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 Physical Activity Has Just as Much Mental Health Benefits as Counseling or Taking Medicine According New Research

Worldwide, depression affects around 300 million people, according to The World Health Organization.

However, a recent study published in the BMJ Medical Journal reveals that when it comes to managing mental health, exercise might be just as helpful as other therapies and medications.

In addition to becoming a personal trainer, I’m really interested in mental health. That has a significant impact on your physical health, in my opinion. Jessica Rivers, a personal trainer, stated, “They say stress is the hardest on the body and can kill you more than anything else.”

Rivers is a coach at Orange Theory in Palm Harbor and has worked with clients for six years. She accepts the recent results from the BMJ Medical Journal.

“I’m 100% open to people trying exercise and different forms of therapy besides resulting to a medication, not there’s not people that need that there absolutely is. And that’s up for the medical professionals to decide. But I think exercise can do wonders for it in terms of endorphins and all that stuff that plays into it,” Rivers said.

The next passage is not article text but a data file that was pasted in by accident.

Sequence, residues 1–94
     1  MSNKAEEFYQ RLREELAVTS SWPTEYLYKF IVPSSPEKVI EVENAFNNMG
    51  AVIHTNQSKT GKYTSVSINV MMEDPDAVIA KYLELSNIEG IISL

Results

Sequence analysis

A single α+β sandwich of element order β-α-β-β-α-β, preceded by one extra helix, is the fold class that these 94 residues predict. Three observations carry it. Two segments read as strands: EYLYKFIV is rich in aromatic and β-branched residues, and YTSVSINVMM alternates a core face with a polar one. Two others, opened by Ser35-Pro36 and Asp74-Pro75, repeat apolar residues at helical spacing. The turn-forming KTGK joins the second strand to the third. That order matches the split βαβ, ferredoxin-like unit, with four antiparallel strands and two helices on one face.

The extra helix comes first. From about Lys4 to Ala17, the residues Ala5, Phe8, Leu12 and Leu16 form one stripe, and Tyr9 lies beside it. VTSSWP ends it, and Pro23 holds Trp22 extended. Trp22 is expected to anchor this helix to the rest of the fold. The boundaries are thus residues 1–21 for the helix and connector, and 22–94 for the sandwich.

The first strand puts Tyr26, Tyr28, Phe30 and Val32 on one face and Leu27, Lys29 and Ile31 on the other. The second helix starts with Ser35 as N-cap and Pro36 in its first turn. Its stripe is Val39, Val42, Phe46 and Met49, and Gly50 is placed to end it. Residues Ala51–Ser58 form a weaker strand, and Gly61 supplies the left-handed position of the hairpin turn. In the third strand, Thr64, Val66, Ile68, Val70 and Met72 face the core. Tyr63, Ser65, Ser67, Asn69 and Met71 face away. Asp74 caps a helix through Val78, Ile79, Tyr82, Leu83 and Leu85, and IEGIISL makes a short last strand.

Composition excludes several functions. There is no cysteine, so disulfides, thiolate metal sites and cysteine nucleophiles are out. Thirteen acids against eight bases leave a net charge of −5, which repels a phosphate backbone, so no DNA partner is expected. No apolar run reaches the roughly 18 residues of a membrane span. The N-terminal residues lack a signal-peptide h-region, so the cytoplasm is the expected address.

According to the study, even mild exercise is good for your mental health, but vigorous exercise has even more advantages.

“What the studies are proving is that the more vigorous the exercise is, the more that you’re going to get the benefits of it. But from exercises you enjoy. That’s the main thing is finding something you enjoy,” according to Rivers.

“Maybe it’s something you’ve never even tried before, whether it’s group fitness, or it’s yoga, Pilates, maybe it is walking outside and getting in nature, just truly finding what you enjoy, finding what resonates with your soul, your body and your mind.” she went on.

Furthermore, according to Rivers, the act of forcing oneself to engage in physical activity might rewire the brain and sustain motivation.

“Get out and do it! Endorphin levels spike after exercise, starting during exercise, as well as serotonin, which we call the happy hormone. So, it makes me feel a lot happier, as well as some sense of accomplishment,” Rivers remarked.

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